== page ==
Until roughly three years ago, Indian painting found a place on the Internet mainly in forums that would discuss this art form, and it was still largely an academic pursuit limited to textbooks or the subject of interest of art connoisseurs. In the recent past, this notion has changed, with the rising popularity of Facebook pages that use Indian paintings satirically or frivolously as the backdrops for their memes and comics. One might jump to conclude that this practice takes away from the value of the art, but it can also be argued that these platforms are exposing more people to Indian paintings and making them aware of it. The creators of Inedible India, a web-comic series, and Mad Mughal Memes, a meme page, make strong arguments about why the latter is true. In this conversation, they also speak about their creative processes, as well as the tone and humour they employ.
Rajesh Rajamani never thought that he could create comics, because he believes he does not have the talent to draw. It was only last year when he came across web-comics like Royal Exitentials and Wondermark that he considered the idea. He was excited to see that comics could be created using paintings, and decided that his series would satirise the Indian public, our eccentricities and double standards and how we deal with various social inequalities, rather than targetting just politicians, which he finds true of most socio-political satire in India. Thus was born Inedible India.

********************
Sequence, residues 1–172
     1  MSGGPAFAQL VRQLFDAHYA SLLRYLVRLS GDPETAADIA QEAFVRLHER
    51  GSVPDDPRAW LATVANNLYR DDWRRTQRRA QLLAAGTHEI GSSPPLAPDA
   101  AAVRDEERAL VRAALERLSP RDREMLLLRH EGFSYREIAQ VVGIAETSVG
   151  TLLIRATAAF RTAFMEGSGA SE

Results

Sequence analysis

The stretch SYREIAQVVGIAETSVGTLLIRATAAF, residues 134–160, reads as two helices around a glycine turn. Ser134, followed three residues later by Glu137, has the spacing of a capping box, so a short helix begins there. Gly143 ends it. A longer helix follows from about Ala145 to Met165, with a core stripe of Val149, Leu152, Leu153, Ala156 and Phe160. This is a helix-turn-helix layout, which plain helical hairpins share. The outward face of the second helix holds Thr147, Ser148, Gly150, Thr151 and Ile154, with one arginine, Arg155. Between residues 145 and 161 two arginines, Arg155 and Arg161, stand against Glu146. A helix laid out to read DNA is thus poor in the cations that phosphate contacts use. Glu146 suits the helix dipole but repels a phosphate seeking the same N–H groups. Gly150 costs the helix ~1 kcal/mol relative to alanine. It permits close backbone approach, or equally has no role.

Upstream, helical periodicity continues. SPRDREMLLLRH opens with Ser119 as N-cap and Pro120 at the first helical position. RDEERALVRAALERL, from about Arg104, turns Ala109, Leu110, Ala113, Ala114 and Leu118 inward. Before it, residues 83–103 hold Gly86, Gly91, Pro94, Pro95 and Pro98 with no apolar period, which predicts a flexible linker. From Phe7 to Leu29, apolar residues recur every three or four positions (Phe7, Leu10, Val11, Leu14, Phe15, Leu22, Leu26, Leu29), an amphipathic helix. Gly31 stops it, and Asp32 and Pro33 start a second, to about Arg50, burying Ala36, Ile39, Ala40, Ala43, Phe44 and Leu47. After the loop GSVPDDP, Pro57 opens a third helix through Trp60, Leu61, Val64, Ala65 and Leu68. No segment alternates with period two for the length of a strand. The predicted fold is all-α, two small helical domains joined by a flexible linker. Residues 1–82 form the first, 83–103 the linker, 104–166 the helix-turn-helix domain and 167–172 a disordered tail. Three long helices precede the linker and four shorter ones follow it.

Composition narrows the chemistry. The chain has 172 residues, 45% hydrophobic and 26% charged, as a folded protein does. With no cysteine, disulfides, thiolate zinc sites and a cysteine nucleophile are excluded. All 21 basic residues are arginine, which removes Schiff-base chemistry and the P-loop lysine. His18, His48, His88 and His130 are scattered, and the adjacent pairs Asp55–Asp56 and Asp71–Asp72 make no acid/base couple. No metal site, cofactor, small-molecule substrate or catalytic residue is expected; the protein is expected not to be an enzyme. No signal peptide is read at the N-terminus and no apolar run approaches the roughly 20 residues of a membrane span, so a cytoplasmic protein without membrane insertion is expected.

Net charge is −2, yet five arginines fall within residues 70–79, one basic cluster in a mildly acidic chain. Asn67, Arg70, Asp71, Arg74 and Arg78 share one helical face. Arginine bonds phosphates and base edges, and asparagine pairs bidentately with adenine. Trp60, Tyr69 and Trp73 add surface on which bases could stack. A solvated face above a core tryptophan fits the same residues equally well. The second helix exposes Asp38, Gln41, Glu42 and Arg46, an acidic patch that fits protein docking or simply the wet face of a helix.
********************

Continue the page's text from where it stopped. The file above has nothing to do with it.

He decided to use Indian paintings in his comics because he wanted them to be light and satirical, and thought that the juxtaposition of vintage paintings and contemporary social issues would achieve this effect. "I often use Raja Ravi Varma's paintings. They are mostly based on Indian mythological characters and stories. They are beautiful, popular and I believed that the readers would easily identify with them," he says, adding that making these mythological characters converse about issues in the comics accentuates the satire.
The admins of the page Mad Mughal Memes are fittingly named after the emperors and other significant personalities from this dynasty. Currently, there are seven admins — Babur, Akbar, Begum Ruqaiya, Noor Jehan, Aurangzeb, Dara Shikoh and Birbal. The page was created by Akbar. "I was bored and hungry and there was a sudden surge of historical alliteration memes popping up over Facebook. Most of them we're rather tongue-in-cheek and less serious. I jumped on the bandwagon and got a friend over — he and a few others have given the page the flavor it now has," he explains.